Since his violent, untimely death in 1994, Nirvana frontman, Kurt Cobain, has existed as an ever present cultural icon of a generation. Renowned for his growling tones and visceral ‘spew it all out on the page’ lyrics, he was a flawed genius, becoming a symbol of rebellion and the punk rock scene, which was only enhanced with his final act. With every passing year, volume after volume of biographies are released on the ethereal image that remains, but few have successfully been able to define “Kurt Cobain”, the man behind the icon.
With the wonderful cooperation of the Cobain family – specifically executive producer and Cobain’s daughter, Frances Bean – filmmaker Brett Morgen has gained exclusive access to never before seen volumes of Cobain’s life. From heartwarming home movies to haunting personal recordings, we are treated to a stark insight into his early years, the troubles of being a teen in Aberdeen, the formation and success of Nirvana, the infamous romance of Cobain and Courtney Love, and the arrival of his greatest creation, his daughter, Frances.
Morgen is more curator than director here, and the subtitle – Montage of Heck, taken from the title of some of Cobain’s early personal recordings – aptly describes Morgen’s approach to the film. It jumps between archival family footage, Nirvana concerts, visual representations of his notebooks and some stunning animated reenactments to accompany Cobain’s personal recordings. The result is a film that feels in sync with his mind; creative, erratic and often nightmarish.
We only escape when the film breaks out of it’s visual barrage to intersect interviews with those who knew the man. The intermittent slip into the traditional documentary Q&A does present both a blessing and a curse for the overall quality of Heck. To break the intensity and offer a human insight is essential, snapping us out of what could have been a never ending acid trip, but most importantly these segments allow us to make sense of the stimulus. The interviews with grief stricken Nirvana bass player, Krist Novoselic, make for emotional viewing and, more surprisingly, Courtney Love’s contribution offers a fascinating insight in to a relationship that, despite being well publicised, was never completely accurate, and she appears happy to speak on the subject despite previously resisting.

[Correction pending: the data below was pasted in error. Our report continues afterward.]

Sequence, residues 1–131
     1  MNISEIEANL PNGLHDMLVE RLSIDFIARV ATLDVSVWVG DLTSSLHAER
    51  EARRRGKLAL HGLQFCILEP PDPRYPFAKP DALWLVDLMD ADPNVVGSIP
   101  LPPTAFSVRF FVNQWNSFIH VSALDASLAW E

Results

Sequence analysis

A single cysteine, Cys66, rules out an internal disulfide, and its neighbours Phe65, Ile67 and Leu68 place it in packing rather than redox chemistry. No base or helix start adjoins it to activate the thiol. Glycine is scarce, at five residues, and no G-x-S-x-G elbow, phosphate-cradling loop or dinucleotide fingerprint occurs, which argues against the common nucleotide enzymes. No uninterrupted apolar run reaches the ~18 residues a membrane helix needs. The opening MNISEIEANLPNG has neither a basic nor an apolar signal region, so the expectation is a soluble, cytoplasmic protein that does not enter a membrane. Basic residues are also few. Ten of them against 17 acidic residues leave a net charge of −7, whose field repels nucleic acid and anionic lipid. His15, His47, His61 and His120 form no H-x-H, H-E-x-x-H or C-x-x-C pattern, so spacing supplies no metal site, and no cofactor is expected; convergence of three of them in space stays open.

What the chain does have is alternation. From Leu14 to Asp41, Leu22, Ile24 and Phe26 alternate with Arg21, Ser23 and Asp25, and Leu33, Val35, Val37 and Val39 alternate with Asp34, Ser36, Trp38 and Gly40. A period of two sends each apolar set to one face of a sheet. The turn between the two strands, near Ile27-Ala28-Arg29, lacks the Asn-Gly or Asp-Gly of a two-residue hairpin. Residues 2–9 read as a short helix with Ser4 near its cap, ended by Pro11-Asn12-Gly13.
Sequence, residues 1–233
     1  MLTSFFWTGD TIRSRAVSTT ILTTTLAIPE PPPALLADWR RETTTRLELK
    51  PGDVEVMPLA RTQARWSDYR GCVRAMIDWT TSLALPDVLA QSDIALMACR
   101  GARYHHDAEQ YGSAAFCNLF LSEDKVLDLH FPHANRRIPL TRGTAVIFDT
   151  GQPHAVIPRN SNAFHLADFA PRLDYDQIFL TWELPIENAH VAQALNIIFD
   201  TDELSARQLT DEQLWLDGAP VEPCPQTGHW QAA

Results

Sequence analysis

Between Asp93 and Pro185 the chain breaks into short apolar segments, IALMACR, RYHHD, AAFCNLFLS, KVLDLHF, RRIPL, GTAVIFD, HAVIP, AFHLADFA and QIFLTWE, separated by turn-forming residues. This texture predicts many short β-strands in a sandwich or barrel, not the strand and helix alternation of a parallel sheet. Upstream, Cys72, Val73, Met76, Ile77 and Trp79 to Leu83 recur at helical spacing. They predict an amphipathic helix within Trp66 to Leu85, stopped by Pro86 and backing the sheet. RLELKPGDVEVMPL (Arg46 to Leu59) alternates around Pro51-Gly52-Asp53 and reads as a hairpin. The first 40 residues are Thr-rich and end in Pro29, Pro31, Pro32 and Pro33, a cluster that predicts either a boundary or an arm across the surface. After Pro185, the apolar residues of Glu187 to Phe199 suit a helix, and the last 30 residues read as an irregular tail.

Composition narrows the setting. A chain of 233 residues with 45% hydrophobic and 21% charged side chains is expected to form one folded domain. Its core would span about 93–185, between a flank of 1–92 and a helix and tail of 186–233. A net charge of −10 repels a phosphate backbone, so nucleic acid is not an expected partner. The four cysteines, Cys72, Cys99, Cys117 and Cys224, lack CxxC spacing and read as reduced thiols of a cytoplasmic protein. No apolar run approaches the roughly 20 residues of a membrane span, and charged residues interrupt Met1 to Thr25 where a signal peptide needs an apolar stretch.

Problematically, the extent of interviews on top of the abundance of archival material Morgen had to work with, results in a run time in excess of two hours and there are some pacing issues here. It is however, a tough task to keep the film tight when you are spoiled with an abundance of riches on your subject, and whilst Morgen does glean past some areas, he does lay it all out on the table in others. There is always the temptation with such a popular figure to portray only the ‘good’, but the family’s agreement to show archival footage of a heroin induced Cobain holding daughter Frances, makes for chilling viewing; a dirty stain on the beautifully anarchic collage that surrounds it.
Morgen has done an exceptional job in creating as clear a window that we are ever likely to see in to the mind of such a mythic character. The interviews are insightful without being too invasive, the visuals are a fantastical blend of beauty and mania, and sonically it is a treat for any Nirvana fan, with samples of original tracks mixed with some incredible alternative versions of the bands biggest hits. Montage of Heck is as equally creative, nightmarish and iconic as its subject.
Kurt Cobain: Montage of Heck is out in cinemas now
Words > Sam Lawrence